“Your tools have elevated gossip, hearsay and conjecture to the level of valid, mainstream communication.”

“There’s this new neediness– it pervades everything…you’re not hungry, you don’t need the food, it does nothing for you, but you keep eating these empty calories. This is what you’re pushing. Same thing. Endless empty calories, but the digital-social equivalent. And you calibrate it so it’s equally addictive.”

The Circle requires the protagonist to wear a bracelet that measures and records all of her health information (heart rate, temperature, BMI, caloric intake, etc.). “If we can track all you newbies, and eventually all 10,000-plus Circlers, we can both see problems far before they become serious, and we can collect data about the population as a whole.” Lured by the idea of progress, give up individuality for sense of community.

Remember how, in the beginning of the book, she hated the idea of a 9-5 workday? The company is so demanding, so needy that they need her after the workday is over. Social neediness comes from the fear of being some cog in a machine. The company represents the modern-day social environment, how it is a full-time job to keep up an appearance online.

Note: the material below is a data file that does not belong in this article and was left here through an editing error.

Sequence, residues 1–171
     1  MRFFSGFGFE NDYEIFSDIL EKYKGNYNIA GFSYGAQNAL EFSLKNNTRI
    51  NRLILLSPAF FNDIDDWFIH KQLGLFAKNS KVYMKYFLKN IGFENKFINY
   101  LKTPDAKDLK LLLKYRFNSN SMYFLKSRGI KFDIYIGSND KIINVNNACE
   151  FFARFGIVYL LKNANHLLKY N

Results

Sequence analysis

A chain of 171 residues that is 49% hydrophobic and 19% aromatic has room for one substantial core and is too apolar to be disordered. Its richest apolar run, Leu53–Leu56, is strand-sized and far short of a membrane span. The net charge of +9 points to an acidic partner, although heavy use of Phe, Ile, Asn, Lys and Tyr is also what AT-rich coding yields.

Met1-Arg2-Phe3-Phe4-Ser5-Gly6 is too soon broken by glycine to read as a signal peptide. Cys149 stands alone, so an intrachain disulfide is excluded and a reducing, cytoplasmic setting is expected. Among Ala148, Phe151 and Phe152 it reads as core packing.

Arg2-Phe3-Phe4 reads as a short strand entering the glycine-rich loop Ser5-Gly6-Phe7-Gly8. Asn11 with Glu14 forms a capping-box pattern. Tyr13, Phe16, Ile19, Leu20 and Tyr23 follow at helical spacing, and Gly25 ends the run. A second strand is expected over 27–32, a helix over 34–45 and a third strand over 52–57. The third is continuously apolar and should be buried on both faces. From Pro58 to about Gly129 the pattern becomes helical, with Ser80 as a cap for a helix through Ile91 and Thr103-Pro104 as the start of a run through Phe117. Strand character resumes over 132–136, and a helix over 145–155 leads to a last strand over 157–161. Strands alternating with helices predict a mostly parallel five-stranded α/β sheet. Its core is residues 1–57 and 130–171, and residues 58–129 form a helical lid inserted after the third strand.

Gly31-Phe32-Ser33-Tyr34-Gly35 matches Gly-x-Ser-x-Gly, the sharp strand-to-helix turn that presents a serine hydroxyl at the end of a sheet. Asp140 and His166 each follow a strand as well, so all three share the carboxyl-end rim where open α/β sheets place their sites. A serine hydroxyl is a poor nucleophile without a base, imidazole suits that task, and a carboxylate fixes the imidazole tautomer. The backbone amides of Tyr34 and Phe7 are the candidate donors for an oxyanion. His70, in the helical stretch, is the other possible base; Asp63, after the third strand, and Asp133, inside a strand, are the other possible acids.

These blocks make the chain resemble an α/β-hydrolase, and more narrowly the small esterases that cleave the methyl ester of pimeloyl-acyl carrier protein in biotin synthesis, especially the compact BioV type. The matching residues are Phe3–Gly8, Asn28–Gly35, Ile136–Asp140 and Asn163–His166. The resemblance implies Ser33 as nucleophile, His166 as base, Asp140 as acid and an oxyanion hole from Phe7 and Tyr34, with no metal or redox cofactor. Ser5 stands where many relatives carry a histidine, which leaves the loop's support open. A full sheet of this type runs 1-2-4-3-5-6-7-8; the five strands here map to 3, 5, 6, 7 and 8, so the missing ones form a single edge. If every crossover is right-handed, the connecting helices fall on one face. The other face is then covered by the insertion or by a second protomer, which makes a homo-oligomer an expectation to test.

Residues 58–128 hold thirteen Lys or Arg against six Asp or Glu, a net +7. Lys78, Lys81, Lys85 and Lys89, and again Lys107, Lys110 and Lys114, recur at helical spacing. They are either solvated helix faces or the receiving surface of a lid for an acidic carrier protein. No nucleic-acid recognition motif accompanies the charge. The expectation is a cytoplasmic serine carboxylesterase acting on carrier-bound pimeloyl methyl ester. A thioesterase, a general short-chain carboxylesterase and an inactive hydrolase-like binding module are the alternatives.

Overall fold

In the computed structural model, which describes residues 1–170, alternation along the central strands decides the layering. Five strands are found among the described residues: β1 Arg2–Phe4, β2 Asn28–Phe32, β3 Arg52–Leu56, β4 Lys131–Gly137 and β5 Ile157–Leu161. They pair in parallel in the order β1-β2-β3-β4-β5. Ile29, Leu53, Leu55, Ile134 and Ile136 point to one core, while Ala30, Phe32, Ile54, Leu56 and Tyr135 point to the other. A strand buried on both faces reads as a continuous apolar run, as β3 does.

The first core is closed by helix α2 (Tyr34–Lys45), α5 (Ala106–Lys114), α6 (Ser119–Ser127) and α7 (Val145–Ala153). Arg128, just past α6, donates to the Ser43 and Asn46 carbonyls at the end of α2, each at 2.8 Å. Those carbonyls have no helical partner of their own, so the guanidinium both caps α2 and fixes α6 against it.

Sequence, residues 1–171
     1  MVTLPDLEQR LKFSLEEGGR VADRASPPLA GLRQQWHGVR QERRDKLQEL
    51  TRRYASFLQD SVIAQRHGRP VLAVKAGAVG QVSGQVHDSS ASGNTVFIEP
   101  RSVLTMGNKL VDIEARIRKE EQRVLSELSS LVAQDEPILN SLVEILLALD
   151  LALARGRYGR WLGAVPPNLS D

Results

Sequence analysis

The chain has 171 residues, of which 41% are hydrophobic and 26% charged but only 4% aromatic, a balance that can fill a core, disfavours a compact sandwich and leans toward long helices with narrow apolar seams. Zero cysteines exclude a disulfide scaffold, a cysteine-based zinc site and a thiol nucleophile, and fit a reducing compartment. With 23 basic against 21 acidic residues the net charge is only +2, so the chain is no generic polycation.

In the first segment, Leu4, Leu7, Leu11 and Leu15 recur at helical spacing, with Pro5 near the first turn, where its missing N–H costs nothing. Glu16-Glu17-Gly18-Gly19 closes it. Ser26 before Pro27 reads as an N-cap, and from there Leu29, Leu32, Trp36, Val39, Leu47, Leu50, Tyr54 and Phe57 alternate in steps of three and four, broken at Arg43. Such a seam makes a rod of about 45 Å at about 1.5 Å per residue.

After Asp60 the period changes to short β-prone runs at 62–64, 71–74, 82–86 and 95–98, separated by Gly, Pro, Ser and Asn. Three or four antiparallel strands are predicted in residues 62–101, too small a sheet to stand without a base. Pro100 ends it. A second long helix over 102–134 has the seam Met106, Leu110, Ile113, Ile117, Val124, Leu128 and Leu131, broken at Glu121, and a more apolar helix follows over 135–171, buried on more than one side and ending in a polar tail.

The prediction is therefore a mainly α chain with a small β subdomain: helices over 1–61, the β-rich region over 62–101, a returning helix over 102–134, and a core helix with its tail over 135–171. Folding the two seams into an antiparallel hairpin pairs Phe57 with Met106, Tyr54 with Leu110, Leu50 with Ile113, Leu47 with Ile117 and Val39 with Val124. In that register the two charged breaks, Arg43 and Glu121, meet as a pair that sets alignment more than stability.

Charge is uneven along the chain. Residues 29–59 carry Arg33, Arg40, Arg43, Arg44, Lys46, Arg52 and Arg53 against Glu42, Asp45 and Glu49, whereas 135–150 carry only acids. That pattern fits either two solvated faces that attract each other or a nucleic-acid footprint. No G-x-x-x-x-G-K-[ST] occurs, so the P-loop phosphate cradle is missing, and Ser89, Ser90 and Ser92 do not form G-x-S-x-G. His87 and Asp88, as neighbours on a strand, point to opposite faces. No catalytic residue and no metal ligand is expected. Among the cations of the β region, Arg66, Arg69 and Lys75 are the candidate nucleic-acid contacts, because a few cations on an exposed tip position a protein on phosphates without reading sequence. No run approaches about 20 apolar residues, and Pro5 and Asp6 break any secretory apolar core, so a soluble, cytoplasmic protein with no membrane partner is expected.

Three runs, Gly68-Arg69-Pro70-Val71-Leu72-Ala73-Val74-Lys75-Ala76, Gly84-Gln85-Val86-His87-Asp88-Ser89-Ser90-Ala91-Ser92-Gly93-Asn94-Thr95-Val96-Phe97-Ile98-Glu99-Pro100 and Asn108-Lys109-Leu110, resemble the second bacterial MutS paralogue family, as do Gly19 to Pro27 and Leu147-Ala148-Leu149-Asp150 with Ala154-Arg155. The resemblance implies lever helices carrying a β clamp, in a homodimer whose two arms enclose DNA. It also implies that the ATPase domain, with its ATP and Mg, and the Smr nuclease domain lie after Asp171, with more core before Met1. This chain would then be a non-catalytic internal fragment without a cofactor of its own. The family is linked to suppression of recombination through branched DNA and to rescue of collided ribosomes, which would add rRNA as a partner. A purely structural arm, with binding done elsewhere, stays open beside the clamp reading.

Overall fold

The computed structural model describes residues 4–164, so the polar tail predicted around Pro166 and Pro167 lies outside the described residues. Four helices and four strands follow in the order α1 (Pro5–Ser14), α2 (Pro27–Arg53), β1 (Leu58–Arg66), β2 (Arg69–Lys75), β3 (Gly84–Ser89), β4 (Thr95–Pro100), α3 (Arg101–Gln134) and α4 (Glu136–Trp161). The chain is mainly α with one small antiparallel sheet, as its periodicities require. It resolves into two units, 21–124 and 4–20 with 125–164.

“And it was great to see you there. But we have no record of you being there. No photos, no zings, no reviews, notices, bumps. Why not?” “Are you reluctant to express yourself because you fear your opinions aren’t valid?” If there is no record of your opinions, they don’t exist and therefore cannot be valued. If you aren’t socially aware, you are absent. You have no presence.

She had been agreeing to everything since the book began. A culture of yes, a culture of accepting established realities.

The Circle measures social presence with something called PartiRank (participation/population rank). Job prospects were tied to her social popularity. Every zing, comment, smile, post in a discussion group adds to the ranking. Quantity not quality. Number-centric culture is a reaction to technological advances that are valued quantitatively. When the profound sense of accomplishment of this quantitative era dies away, and the exhaustion hits, there will be an era of quality. Every other era in history was reactionary. And that’s nature. Everything that requires that life be given to it rises and falls, waxes and wanes, crescendos and decrescendos. Even digital batteries do this.